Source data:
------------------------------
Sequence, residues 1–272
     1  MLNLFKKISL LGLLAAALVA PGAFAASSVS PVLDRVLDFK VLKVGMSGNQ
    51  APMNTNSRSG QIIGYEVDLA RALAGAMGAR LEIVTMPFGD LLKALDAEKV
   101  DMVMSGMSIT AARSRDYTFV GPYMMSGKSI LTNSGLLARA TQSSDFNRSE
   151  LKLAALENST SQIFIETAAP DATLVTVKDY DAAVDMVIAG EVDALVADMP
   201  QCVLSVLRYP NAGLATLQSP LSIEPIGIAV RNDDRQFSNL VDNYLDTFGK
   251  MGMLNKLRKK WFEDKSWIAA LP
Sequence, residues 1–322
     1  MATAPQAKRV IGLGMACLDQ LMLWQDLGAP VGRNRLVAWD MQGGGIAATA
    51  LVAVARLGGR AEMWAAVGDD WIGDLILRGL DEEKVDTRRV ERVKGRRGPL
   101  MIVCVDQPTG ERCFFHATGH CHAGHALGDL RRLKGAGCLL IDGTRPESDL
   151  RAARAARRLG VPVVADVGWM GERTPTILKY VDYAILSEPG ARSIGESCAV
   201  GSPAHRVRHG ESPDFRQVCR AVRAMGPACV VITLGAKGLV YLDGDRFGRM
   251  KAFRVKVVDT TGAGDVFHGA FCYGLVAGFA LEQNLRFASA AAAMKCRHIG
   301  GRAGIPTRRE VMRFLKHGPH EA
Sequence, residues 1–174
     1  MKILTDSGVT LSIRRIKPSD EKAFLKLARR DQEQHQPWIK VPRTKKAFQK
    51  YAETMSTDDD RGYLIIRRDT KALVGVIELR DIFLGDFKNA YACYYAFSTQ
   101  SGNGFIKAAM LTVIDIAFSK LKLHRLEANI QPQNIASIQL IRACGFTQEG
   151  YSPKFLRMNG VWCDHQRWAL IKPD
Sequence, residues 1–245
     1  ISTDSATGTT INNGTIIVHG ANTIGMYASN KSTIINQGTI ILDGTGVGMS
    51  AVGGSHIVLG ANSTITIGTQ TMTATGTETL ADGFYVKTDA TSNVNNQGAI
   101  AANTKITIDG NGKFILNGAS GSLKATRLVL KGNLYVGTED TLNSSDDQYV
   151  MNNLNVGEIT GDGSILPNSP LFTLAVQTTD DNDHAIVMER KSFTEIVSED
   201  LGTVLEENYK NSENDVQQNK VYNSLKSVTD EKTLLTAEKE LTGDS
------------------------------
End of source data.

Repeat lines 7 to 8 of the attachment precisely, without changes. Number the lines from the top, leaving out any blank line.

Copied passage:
   251  MGMLNKLRKK WFEDKSWIAA LP
Sequence, residues 1–322